Monday, May 02, 2011

Methane to Methanol to Gasoline at Competitive Prices


Methane to methanol to gasoline for $2.85 a gallon, including a healthy $1.45 margin? That is what is being claimed for a combined "Gigamethanol" and MTG (methanol to gasoline) plant proposed for Alaska. Converting all the North Slope gas to gasoline could produce almost 500,000 barrels per day.
... a plant would produce methanol from natural gas on the North Slope using the proposed GigaMethanol technology. The resulting methanol would be blended with crude and transported via the trans-Alaska oil pipeline to Valdez, where it would be extracted from the oil and processed via Methanol-to-Gasoline technology into gasoline.

In January, ICIS reported that Eastman Chemical reached an agreement to sell a mothballed Texas methanol and ammonia plant to Pandora Methanol, a subsidiary of Janus Methanol.

The plant will have a capacity of 850,000 tonnes/year of methanol and 250,000 tonnes/year of ammonia, according to van Wijk. ...Van Wijk at the time said the new plant might consider the methanol-to-gasoline MTG process pioneered by ExxonMobil.
Eastman originally bought the plant in 2007 for a $1.6-billion coal-gasification project, but called off the project in late 2009 due to high capital requirements, the narrow difference between petroleum and natural gas prices and uncertain US energy policy....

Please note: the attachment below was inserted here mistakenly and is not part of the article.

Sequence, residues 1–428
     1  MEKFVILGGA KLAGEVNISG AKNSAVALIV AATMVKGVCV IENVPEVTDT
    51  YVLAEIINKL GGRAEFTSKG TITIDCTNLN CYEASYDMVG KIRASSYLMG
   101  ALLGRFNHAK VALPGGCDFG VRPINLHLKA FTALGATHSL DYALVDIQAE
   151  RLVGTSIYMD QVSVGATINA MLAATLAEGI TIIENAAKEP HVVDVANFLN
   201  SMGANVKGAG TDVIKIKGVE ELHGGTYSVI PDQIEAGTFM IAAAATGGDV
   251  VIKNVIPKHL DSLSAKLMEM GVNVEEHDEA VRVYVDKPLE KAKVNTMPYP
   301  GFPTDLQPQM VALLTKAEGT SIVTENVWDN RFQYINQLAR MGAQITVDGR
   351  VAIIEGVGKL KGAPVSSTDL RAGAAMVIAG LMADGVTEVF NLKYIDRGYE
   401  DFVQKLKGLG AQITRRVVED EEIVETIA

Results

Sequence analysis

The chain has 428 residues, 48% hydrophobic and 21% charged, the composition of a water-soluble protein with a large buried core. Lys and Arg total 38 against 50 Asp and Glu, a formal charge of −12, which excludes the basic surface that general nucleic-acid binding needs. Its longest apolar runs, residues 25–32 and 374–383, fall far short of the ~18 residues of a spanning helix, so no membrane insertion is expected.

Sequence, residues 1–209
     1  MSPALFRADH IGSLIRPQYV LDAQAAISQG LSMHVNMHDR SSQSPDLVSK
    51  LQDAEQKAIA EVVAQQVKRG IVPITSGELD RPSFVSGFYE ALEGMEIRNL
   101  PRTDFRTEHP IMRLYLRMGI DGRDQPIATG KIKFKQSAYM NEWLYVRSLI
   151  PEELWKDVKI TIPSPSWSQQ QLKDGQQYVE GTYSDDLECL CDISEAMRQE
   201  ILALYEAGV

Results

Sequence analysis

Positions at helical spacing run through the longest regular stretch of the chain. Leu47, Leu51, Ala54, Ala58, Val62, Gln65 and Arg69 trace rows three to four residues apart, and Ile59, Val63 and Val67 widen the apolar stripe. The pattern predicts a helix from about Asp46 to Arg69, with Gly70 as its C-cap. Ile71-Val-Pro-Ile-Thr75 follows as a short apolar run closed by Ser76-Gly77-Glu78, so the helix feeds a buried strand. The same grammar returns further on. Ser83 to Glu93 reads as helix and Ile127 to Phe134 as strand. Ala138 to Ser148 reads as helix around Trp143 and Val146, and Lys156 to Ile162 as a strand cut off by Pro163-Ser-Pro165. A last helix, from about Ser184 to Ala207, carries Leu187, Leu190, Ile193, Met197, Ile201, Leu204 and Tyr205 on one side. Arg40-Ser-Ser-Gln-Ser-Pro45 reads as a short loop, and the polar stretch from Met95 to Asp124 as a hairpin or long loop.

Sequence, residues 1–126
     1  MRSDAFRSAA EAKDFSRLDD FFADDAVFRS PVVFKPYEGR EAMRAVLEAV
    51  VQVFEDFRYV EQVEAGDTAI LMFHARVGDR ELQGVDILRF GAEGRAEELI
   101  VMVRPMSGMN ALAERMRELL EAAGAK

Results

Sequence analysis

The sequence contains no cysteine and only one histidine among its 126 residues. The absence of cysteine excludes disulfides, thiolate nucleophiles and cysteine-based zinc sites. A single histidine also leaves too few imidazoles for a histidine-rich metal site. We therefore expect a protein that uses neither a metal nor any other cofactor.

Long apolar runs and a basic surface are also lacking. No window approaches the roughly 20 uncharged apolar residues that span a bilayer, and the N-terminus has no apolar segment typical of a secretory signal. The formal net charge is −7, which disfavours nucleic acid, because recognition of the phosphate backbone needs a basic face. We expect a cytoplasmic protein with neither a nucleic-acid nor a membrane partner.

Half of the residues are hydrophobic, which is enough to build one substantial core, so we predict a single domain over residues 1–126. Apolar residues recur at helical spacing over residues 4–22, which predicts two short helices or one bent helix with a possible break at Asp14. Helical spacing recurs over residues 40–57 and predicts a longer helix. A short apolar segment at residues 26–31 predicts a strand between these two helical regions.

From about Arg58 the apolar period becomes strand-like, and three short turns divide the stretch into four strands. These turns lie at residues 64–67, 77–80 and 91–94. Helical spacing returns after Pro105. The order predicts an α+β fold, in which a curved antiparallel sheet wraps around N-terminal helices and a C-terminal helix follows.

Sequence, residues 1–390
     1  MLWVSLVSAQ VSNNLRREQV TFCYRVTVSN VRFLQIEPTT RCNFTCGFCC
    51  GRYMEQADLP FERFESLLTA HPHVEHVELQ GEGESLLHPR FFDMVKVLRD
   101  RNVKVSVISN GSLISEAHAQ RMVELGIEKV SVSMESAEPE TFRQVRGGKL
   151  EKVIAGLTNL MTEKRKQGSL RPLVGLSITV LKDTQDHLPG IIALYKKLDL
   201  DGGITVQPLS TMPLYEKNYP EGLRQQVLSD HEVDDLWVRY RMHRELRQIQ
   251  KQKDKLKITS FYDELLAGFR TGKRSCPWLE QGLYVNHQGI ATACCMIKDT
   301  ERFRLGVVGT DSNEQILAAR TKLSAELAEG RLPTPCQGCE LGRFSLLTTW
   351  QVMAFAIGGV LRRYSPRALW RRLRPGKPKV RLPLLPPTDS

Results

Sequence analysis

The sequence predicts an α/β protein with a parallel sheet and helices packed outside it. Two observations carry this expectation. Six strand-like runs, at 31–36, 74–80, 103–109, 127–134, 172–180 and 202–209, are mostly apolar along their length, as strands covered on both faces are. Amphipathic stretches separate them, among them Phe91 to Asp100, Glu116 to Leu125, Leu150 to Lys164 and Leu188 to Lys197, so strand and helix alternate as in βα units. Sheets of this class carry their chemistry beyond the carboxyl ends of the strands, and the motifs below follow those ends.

Costs for a 63,000 barrel (of gasoline) per day system would be approximately $5.2 billion, he said. Gasoline could be delivered from Valdez at $2.65 to $2.85 per gallon, including a $1.45 margin.

In addition to providing a market for North Slope gas, the mix of methanol in the pipeline flow would help prevent problems with ice forming in the line, van Wijk, a former Methanex executive, suggested. If the entire daily output of North Slope gas (4.5 billion cubic feet, bcf) were converted to gasoline, it would produce 450,000 barrels per day, he suggested. _GCC

This is a different approach from the Oxford Catalysts and Sasol approaches. But the claims for efficiency and economic viability are difficult to beat, if true.

While the proposal is meant to take advantage of Alaskan natural gas, the same approach could conceivably be taken with shale gas or any other large gas deposits located anywhere.

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